Although the IT industry has used offshoring and outsourcing for years, the benefits for corporations of the growing pool of individuals available on an ad hoc basis are adding up: cost flexibility from adjusting staff sizes up and down based on business requirements; greater speed and agility as talent needs can change on a dime, and a boost to innovation as contingent talent brings in new knowledge and fresh ideas based on experiences outside of the company or even the industry.
To take full advantage of this important emerging cadre of workers,
get rid of any perception of contingent workers as somehow less important, less skilled or less committed
than “permanent” employees. Going forward, employers must incorporate contingent workers in meaningful ways.
3. Meaning Is the New Money
IT work today involves the successful execution of activities that managers cannot prescribe or even monitor. This work asks individuals to deal with rich content that flows through infinite links. Individuals must make intelligent, well-informed decisions about what to share with whom — and what to ignore — with little guidance from the hierarchy to simplify the patterns of interaction.
Perhaps most significantly,
IT work requires high levels of discretionary effort. People have to choose to do the work and have to want to do it well.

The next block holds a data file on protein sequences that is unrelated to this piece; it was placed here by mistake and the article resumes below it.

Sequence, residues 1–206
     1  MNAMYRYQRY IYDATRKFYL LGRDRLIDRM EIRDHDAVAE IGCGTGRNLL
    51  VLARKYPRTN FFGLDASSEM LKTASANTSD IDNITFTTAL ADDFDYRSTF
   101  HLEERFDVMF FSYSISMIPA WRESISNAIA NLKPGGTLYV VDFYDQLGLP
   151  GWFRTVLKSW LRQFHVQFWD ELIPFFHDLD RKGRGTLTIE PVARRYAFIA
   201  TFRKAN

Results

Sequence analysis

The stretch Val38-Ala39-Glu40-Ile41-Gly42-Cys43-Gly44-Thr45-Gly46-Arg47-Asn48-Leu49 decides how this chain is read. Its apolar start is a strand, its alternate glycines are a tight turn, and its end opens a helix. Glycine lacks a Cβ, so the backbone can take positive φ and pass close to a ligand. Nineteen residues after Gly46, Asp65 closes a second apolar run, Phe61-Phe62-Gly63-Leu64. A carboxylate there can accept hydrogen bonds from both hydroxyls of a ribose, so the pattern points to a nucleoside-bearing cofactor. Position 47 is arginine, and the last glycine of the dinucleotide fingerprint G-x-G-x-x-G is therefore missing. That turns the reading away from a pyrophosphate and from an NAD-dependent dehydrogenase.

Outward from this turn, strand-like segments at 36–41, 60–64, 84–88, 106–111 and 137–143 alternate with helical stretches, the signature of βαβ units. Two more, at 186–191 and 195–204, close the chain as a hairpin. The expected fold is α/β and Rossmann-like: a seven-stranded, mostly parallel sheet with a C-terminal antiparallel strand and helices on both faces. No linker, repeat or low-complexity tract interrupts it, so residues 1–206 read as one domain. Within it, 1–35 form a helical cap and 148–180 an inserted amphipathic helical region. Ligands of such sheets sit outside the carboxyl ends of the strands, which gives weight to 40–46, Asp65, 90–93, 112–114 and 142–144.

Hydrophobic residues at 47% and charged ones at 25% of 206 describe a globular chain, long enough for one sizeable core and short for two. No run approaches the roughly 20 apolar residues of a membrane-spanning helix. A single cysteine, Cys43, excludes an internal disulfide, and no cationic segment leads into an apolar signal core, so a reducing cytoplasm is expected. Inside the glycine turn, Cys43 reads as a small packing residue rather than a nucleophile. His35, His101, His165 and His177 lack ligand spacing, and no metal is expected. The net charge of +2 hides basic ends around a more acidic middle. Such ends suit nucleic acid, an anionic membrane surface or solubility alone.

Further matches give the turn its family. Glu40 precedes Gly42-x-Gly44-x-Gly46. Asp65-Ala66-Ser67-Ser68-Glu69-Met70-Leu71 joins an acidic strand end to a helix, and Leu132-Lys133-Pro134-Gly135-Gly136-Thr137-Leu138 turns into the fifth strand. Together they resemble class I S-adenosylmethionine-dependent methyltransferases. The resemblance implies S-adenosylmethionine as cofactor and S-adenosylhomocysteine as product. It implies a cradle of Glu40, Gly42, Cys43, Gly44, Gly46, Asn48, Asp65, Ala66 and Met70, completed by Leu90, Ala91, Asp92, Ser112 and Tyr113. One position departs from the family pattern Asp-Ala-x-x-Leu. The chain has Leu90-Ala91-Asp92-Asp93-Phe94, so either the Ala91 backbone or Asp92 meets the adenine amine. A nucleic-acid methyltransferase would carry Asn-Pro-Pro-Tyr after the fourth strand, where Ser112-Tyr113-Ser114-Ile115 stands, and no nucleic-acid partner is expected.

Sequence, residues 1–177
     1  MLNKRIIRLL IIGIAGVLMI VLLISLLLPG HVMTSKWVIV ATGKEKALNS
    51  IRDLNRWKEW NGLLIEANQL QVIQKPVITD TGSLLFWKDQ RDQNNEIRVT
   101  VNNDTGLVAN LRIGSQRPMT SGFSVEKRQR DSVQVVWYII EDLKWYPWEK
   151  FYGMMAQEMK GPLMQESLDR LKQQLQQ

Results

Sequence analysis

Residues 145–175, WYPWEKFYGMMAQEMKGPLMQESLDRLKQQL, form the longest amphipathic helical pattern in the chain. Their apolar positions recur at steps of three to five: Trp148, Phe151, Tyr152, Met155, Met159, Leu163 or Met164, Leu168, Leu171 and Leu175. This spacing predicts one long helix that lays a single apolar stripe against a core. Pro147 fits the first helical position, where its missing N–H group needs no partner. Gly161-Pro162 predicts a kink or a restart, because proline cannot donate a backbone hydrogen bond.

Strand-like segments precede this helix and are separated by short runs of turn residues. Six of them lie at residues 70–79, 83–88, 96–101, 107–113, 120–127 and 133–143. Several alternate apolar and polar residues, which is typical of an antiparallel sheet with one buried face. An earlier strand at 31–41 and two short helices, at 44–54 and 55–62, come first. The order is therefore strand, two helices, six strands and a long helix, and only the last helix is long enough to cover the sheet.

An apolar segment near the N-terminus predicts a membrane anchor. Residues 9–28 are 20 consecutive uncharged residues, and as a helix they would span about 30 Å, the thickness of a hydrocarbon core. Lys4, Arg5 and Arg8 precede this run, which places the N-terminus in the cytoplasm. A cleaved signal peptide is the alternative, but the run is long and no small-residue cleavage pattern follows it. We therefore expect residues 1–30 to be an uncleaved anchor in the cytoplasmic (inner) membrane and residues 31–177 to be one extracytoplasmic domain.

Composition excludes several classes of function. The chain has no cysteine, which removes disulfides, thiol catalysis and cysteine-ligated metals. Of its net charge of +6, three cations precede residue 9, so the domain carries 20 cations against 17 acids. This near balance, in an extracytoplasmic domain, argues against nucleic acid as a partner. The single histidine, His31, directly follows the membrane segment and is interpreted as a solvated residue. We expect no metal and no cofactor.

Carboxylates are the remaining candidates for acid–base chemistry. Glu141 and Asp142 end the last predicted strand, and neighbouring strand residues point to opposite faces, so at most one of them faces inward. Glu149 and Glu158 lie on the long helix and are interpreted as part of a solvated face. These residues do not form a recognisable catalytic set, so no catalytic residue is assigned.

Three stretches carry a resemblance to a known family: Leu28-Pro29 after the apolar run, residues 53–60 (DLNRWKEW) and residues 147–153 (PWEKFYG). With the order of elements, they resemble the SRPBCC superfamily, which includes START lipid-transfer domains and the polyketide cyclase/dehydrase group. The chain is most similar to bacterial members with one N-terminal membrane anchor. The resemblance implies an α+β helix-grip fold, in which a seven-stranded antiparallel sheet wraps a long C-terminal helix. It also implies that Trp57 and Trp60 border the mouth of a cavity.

They must dig deep within themselves to form innovative ideas and put their best thinking forward.
My research has clearly shown that discretionary effort ties directly to the individual’s level of engagement. Engagement, in turn, occurs when our work experiences reflect a clear set of values that we share. It can’t be mandated or monitored through physical oversight, nor does it respond to monetary incentives. For most workers today, meaning is the new money — it’s what motivates people at work to go the extra mile. Clear company values, translated into the day-to-day work experience, are the strongest drivers of an engaged workforce. By strengthening meaning and increasing engagement, firms can inspire employees whenever and wherever they work.
Tamara J. Erickson is a McKinsey Award-winning author, a leading expert on generations in the workplace, and a widely-respected expert on the changing workforce, collaboration and innovation, and the nature of work in intelligent organizations. She has three times been named one of the 50 most-influential living management thinkers in the world by Thinkers50; has written a trilogy of books on how individuals in specific generations can excel in today’s workplace: Retire Retirement, What’s Next, Gen X? and Plugged In; and is working on a fourth book for the generation under 18 today. Tammy has also authored or co-authored numerous Harvard Business Review articles and the book Workforce Crisis: How to Beat the Coming Shortage of Skills and Talent.
She is the Executive Fellow, Organizational Behavior, at London Business School, where she has designed and co-directs the school’s leadership program for senior executives, Leading Businesses into the Future. She is the founder and CEO of Tammy Erickson Associates, a research-based firm dedicated to helping clients build intelligent organizations. Erickson has also served on the board of directors of two Fortune 500 corporations. She holds a degree in Biological Sciences from the University of Chicago and an MBA from the Harvard Graduate School of Business Administration.